Vice President Yemi Osinbajo has said that corruption was responsible for the Boko Haram insurgency in the north or east. He also stated that the vice has caused untold humanitarian disasters, promoted the death of 20,000 while displacing 2 million persons.
Osinbajo made the revalations while speaking Thursday at the ongoing meeting of the Organisation for Economic Cooperation and Development, OECD’s Anti-Corruption & Integrity Forum in Paris, France. The vice president also said that illicit financial flows from Africa to other parts of the world were on the increase and had cost the continent a capital flight of USD50billion annually.
He therefore called for a united against corruption and illicit follows especially from Africa. He said: “Mr. Secretary-General, Your Excellencies, there is now hardly any credible opposition to the notion that corruption and Illicit financial flows constitute perhaps the gravest challenge to development. And this is especially true of developing countries. “Besides, we have seen in Nigeria, in recent years, how corruption directly fueled the terrorist insurgency in the North-East.
And how in turn that has led to one of gravest humanitarian disasters in the world; 20,000 fatalities and 2 million people displaced. “Also the adverse implications for education, healthcare, social services, infrastructure and indeed quality of life no longer require making a case . “Corruption and illicit financial flows are different.
But they really must be twinned. This is because for practical purposes it is an eminently more sensible approach to treat most of the sources of illicit financial flows as corrupt activity, within a broader use of the term. “It is also clear that most economies ravaged by corruption, usually-both as a cause and consequence-do have institutions that are too weak to fight corruption and illicit financial flows. International collaboration is therefore the smartest and most effective approach to apprehend and deter perpetrators, and ensure restitution of stolen assets.
” Of particular note on the continental level is the ground breaking work of the of the Thabo Mbeki Panel on illicit financial flows from Africa. The initiative which was sponsored by a joint commission of the AU and the ECA, alarmed at the prospect that most African States despite earnings and official development assistance, would still not meet MGD targets in 2015, noted that Africa loses USD50billion annually, in illicit financial flows.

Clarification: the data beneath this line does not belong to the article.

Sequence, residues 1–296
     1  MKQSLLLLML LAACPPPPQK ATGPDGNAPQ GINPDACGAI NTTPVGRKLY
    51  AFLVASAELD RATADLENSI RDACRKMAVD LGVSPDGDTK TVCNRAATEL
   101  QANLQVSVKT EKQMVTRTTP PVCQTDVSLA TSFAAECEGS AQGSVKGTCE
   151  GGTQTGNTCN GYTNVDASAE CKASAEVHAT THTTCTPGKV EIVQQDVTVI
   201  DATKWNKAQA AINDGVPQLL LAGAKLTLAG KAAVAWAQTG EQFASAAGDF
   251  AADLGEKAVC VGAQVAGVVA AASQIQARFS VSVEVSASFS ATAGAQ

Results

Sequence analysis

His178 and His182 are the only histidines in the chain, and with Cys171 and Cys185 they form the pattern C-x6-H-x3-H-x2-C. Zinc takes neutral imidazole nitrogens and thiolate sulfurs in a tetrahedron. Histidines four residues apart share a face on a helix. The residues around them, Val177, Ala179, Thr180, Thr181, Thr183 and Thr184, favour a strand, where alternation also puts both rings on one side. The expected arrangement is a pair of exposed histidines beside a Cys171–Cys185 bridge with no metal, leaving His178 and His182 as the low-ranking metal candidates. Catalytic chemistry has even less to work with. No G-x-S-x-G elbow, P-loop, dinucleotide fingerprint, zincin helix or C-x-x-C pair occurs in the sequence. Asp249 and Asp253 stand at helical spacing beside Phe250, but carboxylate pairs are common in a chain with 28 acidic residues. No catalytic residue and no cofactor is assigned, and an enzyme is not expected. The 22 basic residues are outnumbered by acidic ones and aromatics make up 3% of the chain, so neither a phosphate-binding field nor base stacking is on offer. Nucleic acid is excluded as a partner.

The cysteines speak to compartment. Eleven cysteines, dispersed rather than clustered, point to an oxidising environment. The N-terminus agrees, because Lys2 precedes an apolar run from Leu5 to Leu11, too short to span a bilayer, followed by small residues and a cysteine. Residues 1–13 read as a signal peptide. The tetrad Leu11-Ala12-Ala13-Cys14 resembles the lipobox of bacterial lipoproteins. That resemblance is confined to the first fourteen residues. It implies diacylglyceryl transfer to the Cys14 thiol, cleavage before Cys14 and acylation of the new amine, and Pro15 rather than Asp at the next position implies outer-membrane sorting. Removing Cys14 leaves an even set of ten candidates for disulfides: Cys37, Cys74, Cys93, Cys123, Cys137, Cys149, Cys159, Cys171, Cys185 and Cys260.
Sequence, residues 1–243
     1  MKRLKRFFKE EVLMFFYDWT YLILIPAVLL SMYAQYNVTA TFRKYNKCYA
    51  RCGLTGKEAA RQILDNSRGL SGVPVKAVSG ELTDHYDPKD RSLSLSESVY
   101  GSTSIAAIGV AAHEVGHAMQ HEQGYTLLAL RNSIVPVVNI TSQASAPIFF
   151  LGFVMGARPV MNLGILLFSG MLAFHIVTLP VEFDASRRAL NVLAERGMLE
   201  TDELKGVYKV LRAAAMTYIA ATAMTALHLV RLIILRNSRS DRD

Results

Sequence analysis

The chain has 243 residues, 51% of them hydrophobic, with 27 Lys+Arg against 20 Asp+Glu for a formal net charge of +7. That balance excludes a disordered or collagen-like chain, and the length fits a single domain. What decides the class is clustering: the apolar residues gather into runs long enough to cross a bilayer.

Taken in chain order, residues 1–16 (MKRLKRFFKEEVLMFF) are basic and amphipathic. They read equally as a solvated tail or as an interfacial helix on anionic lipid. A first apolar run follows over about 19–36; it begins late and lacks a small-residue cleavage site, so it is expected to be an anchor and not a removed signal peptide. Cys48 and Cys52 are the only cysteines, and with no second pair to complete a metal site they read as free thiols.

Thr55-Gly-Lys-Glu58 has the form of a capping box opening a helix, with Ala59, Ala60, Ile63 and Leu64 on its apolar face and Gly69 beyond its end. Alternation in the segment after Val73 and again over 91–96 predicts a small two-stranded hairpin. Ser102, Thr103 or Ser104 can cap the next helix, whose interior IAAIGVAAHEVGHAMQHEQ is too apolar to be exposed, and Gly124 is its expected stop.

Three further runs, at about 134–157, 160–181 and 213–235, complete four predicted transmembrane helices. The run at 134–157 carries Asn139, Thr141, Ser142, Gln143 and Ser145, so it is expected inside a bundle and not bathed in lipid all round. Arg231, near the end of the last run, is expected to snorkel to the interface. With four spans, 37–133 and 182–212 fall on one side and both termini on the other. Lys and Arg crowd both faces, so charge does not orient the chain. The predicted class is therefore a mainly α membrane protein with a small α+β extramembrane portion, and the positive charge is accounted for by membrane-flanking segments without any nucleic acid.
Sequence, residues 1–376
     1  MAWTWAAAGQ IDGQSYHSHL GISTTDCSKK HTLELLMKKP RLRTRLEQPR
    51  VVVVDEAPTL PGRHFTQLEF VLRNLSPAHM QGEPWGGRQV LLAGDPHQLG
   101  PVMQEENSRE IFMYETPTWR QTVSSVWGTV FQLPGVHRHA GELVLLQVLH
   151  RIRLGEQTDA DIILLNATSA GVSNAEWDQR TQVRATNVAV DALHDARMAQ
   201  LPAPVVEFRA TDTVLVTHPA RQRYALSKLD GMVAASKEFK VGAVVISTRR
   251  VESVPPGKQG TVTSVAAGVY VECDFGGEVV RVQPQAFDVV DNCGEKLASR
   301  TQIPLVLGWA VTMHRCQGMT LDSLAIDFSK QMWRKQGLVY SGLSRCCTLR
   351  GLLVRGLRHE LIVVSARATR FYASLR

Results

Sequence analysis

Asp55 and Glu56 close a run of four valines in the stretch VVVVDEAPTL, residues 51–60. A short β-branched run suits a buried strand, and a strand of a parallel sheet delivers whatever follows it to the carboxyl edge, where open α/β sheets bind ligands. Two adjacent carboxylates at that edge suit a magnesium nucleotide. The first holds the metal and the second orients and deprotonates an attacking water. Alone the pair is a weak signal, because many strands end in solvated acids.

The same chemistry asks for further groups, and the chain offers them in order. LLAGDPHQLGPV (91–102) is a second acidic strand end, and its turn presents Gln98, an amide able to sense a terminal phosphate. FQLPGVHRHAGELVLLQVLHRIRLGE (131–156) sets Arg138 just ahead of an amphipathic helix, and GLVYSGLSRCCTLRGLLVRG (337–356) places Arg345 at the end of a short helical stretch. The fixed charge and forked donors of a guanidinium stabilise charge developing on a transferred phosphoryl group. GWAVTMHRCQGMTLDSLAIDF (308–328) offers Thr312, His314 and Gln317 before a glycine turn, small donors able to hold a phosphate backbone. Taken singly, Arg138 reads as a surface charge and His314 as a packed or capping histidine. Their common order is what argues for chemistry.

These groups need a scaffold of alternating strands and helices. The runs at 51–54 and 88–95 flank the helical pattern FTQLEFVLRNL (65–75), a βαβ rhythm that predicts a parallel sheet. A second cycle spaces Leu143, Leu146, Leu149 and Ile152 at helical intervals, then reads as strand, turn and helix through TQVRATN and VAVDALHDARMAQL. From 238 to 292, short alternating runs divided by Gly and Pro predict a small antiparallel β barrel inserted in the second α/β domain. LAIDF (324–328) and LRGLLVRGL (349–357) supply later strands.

“The Panel’s far reaching conclusions and recommendations again underscore the overwhelming importance of global collaboration, especially to bridge the huge capacity gap between the large corporations and organized crime identified as the foremost perpetrators and facilitators of corrupt activity in and illicit flows from Africa. Yet more needs to be done.” Osinbajo noted that as a country committed to stamping out corruption, Nigeria has mapped out some measures to fight it.
Some of these measures, he said, included establishing a seven man Presidential Advisory Committee Against Corruption, the Anti-Corruption and Criminal Justice Reform fund with the support of three international Development Partners; Ford Foundation, MacArthur Foundation and the Open Society West Africa, the Whistleblower initiative launched barely eight weeks ago and signing of several bilateral mutual legal assistance treaties on collaboration on financial crimes and corruption with numerous countries. Regretting however that no frantic international efforts were made to assist African countries where mostly the funds were being ferried abroad, the vice president said that the countries where stolen funds were being stashed away should be held responsible. “Secretary-General, We must work collaboratively to ensure transparency in financial transfers, and outlaw secrecy jurisdictions.
“There must be more rigorous enforcement of rules promoting transparency in the international banking and financial systems, especially more stringent KYC rules on customer identity, source of wealth, and even country of origin. “Countries hosting global financial centers, and other usually targeted destinations of illicit flows must be held more accountable to enforce mechanisms which ensure transparency of ownership, control, beneficial ownerships, trusts and other legal contrivances that may be used to camouflage financial or other assets. “Open contracting and information systems, are also crucial.
Responsible government authorities ought to have information about which companies won what contracts, and what they have paid as taxes to governments in host and home countries. This is especially important for the extractive industry. Nigeria is committed to these standards having joined the Open Government Partnership in 2016.
“Tracing, freezing and Return of stolen assets has proved in many cases to be exceptionally difficult for most African countries. We in Nigeria have seen just how difficult it is to get back stolen assets from the international financial system, such as banks that ought not have received those funds in the first place if even the most routine questions were asked. “A robust global framework on repatriation of stolen assets which ensures quick restitution to victim countries is long overdue.
“Your Excellencies, there is consensus that corruption and illicit financial flows out of Africa, inexorably delay the attainment of development goals, worsen practically all human development indices and trap the majority of her people especially the most vulnerable in a cycle of misery.
Only a united global action has the power to reverse this trend. We respectfully urge that this power be exercised more vigorously and without further delay”, Osinbajo said.
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